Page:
The first week of the month is popular for publishing newsletters. I publish the first week. So with the June flurry largely passed, here’s food for thought before firing off your July edition.
In a study reported on MediaPost on email marketing (which isn’t exactly newsletter campaigns, but sufficiently related), roughly 18% of marketers admitted they were NOT tracking campaign performance. Stunning.
Marketers that do not track normal site conversions
- Don’t know how 42.86%
- Don’t have budget 4.76
- Don’t have time 14.29
- Other 38.08
Of course I wish you were using my service, since it provides exquisitely detailed reporting, but no matter. If you’re using an off-the-shelf provider, start with what you can track and pay attention.
How’s your open rate over time? What about subscriber base?
Do specific topics generate a higher click-through rate? A higher unsubscribe or forward rate?
Clients ask, I answer
Yesterday a client called for my input. She wants to move her ad-sponsored printed newsletter clients over to an ad-sponsored blog and wanted to check her logic with me. She asked why I bother to publish both a blog and a newsletter.
Answer: I want to make it easy for clients and prospects to hear from me. My audience ranges from the tech-savvy to the tech-impaired, so whether they stream my blog to a reader or hit a blog post I’ve tweeted or look at the monthly newsletter in their inbox (and click through to the blog, or not) I’m doing the hard work so that they can skim what they need and move on with their lives.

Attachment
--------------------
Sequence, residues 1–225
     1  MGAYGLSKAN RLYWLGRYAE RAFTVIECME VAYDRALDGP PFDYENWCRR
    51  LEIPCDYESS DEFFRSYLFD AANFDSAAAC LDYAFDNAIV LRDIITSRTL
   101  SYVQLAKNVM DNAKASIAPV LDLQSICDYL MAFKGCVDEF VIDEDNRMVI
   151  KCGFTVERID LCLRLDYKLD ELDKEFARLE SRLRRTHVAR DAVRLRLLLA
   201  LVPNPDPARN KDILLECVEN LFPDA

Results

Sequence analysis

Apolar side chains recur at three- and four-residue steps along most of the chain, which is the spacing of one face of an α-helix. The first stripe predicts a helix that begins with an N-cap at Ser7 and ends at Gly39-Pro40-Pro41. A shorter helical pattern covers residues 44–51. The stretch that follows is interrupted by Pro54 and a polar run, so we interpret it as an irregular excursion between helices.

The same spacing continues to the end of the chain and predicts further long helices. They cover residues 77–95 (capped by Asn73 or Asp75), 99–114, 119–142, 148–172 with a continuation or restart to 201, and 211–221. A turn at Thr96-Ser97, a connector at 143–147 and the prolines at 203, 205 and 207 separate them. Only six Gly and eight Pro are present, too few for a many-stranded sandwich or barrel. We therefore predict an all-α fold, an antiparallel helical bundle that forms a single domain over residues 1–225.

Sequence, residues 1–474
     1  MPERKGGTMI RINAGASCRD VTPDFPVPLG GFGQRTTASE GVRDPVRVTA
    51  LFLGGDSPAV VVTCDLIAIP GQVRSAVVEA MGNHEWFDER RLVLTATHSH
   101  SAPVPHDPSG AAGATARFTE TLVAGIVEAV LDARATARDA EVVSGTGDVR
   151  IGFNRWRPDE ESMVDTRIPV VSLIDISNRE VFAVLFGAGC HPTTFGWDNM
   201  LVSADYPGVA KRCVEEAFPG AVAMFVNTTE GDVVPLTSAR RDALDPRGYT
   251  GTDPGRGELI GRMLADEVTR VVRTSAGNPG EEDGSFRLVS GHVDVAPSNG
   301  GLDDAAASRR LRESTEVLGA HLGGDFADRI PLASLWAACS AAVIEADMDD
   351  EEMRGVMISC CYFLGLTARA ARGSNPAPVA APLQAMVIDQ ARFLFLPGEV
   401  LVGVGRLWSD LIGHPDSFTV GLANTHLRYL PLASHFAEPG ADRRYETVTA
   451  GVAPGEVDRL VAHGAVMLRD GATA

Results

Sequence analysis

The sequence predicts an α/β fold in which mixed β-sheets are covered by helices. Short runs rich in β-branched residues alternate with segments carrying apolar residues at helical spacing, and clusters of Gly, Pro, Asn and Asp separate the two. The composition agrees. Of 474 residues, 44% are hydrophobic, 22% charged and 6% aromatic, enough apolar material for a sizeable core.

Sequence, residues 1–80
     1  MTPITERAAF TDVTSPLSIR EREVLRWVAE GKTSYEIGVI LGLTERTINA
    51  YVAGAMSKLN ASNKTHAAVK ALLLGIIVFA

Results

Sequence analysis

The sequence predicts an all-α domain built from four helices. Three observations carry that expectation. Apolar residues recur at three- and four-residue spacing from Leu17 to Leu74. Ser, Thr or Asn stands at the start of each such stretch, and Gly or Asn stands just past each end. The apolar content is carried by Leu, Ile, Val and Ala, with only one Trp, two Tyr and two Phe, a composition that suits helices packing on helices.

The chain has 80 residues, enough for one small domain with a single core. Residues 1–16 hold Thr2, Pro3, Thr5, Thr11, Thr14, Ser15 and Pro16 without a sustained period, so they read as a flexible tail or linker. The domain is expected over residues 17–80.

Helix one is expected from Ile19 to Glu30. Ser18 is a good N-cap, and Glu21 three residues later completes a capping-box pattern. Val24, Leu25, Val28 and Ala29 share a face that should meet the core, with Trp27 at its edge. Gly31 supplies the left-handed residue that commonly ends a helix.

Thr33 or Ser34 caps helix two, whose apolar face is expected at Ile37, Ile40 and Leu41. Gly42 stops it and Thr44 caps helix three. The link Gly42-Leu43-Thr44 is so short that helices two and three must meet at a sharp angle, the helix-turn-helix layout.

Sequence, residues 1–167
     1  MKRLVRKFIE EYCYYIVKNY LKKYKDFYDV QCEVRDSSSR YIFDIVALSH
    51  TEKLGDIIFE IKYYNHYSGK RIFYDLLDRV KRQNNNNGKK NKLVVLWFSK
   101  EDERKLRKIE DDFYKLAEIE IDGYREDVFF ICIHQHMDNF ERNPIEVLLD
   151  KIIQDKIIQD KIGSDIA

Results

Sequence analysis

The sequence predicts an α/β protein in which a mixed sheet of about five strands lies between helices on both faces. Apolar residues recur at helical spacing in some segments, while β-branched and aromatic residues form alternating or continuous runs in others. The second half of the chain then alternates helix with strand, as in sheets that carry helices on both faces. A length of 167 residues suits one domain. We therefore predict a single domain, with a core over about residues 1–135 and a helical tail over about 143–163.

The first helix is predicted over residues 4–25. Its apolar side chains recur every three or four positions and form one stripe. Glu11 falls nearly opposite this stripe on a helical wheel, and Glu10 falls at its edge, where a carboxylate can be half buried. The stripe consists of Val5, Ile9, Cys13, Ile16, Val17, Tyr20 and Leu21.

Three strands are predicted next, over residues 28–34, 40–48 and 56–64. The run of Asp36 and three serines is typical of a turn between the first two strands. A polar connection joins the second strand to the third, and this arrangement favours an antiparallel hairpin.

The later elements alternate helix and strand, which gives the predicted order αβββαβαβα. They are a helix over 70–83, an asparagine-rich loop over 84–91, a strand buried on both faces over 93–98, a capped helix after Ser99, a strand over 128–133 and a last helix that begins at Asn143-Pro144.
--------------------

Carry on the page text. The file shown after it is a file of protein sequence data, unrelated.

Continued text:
This works for me because I’m *good enough* with technology, I have a sales and marketing background, and I love writing, a lucky combination. Few people, including my client, have the same mix of strengths and preferences, so my advice to her and anyone else is to go with your strengths and minimize your weaknesses.
This might mean hiring a ghostwriter, but should never mean publishing an off-the-shelf newsletter. Realtors can get away with recycled articles like carpet cleaning tips and how to stage a house for showings, but I can’t think of a profession besides theirs that should even consider it.
From time to time I have tactical goals, like drumming up attendance for a speaking engagement, but my overall publishing goal (blog and newsletter) is client acquisition and retention. I want to keep my services and expertise top of mind. Someday, someone will remember I’m a Business Person who writes like an English Major and engage me.
Staying top of mind is also why I publish free blog/newsletter topics for clients and prospects in the industries I know best: financial services, consulting, services and environmental. I exercise the “give to get” philosophy that feeding professionals ideas for their publishing endeavors will someday yield a harvest for me.
Whether your goal is converting readers to a seminar series or a sit-down session, you need to start with that goal, figure out how to make it happen, and how to track what’s happening along the way. With rare exception you’ll need to make corrections to your current path that will bring you to your goal. But if you don’t know you’re off course, you can’t get back on track.
Unless you’re a statistician, analysis isn’t the sexiest thing you’ll do with your day. But to quote Yoda, “Do it, you must.” Feel free to reach out if you want my feedback.